this is legendary! Belmont Tunnel , it’s the place where all Los Angeles Graffiti started . it’s a sick and rad this to look at and view all the art these guys created . It’s something kids from the west coast like me would know about …└A . #losangeles #la #belmonttunnel #graffiti #art
The Belmont Tunnel was designated as a Los Angeles historic-cultural monument in 2005. It is located on Lucas Street where Beverly Blvd. and 2nd Street split. As you could see from the pictures above taken circa 2002, this site was a well-known site amongst LA graffiti artists as one of the graffiti landmarks, an intersection for many artists to meet and throw up their pieces or tags, similar to the many pieces and tags that change weekly at Venice Beach. Today, it is covered by the Belmont Station Apartments, completed in 2008, accommodating for the overflow of residents as they spilled over from downtown and as downtown LA gradually became gentrified.
Though many LA natives and residents knew the Belmont Tunnels as a place where there were often underground rave parties, day time soccer games, a refuge for the homeless and a graffiti yard, very few know the history of the tunnel itself. Upon my research, I discovered that the tunnel used to be a subway tunnel that transported people from the Westlake Area to and from Downtown LA from the 1920s to the 1950s. One of the entrance/exit to the tunnels opened up at Beverly and Glendale Boulevard, while the other entrance/exit was located on 4th and Hill Street. During WWII, circa 1944, about 65,000 passengers would ride this Hollywood subway on a daily basis. The subway closed in 1955 after the expansion of the freeway system and rise of the automobile industry, which resulted in a decline in ridership.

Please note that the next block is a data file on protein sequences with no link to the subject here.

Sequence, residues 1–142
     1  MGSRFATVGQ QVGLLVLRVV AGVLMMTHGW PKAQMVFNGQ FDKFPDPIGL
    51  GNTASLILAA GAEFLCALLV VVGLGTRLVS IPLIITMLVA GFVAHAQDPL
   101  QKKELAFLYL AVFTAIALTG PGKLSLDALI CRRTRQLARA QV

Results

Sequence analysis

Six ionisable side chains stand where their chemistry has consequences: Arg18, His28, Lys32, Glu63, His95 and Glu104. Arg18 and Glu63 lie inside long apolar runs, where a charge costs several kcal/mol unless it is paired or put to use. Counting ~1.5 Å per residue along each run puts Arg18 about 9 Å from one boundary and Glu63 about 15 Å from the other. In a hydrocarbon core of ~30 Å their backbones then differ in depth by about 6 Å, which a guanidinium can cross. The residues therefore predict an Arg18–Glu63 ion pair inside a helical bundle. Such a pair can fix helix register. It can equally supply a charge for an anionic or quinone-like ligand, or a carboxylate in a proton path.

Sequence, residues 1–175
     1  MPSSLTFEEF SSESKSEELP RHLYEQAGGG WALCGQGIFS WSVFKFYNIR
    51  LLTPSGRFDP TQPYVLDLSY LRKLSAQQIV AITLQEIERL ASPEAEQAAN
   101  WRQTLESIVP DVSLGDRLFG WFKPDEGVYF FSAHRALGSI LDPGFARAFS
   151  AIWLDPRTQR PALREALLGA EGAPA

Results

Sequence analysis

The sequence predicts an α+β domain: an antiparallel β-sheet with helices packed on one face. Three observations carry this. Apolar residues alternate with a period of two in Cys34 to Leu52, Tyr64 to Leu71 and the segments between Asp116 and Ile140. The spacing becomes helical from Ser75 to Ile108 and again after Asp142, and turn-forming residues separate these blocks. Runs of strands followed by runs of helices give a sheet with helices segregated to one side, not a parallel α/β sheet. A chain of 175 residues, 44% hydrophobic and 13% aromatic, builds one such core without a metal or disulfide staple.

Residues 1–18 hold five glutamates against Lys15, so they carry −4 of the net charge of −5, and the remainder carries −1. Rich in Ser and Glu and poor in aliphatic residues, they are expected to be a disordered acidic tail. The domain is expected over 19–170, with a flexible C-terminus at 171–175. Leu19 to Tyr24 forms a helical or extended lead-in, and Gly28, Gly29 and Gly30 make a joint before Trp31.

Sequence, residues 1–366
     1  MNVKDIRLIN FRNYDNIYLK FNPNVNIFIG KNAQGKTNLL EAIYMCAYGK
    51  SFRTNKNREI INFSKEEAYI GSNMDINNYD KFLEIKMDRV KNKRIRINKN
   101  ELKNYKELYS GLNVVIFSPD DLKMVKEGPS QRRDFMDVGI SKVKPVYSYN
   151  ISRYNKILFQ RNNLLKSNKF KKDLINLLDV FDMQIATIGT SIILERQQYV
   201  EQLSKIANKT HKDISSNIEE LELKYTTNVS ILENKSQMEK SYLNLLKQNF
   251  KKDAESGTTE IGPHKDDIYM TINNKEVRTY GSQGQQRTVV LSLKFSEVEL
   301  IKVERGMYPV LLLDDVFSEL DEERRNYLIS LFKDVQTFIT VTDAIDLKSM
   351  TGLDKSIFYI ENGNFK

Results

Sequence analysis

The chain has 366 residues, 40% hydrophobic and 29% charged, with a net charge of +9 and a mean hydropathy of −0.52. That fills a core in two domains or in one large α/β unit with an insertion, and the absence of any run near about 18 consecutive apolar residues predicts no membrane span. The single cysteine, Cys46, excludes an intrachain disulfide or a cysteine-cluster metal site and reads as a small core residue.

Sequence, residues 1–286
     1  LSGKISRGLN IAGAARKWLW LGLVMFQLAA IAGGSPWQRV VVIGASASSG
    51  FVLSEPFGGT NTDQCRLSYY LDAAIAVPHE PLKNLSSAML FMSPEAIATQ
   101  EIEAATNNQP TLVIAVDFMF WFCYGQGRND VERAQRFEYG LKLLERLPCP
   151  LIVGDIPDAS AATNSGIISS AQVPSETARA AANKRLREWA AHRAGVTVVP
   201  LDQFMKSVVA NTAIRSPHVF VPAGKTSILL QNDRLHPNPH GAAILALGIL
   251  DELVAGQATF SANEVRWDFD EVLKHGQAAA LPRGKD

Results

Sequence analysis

I do admit, I miss the Belmont Tunnel as a Los Angeles public art/graffiti landmark because that was what I knew it to be. The pieces would change often and you would see regularly the new artists that would hit up the yard, with their styles and colors. It was a historical place for LA graffiti and piece of LA hip hop culture. I even recall the protest that took place against the closing of the yard/tunnel to the widespread redevelopment of the area that took place not too long after I took these pictures. In knowing more about the history of this landmark, I do wish that the tunnel still existed and hope that the city finds other solutions to decrease the rise of Downtown LA congestion as it reoccurs in this modern age and time.
(If you’re a graffiti artist or an individual who has stories or experiences to share from this place, feel free to message me your memories and comments to this post. I will admit that my knowledge of this place is limited, and I am definitely open to posting your messages on my blog for more people to learn about what the significance of this place was as a historical site and landmark in LA.)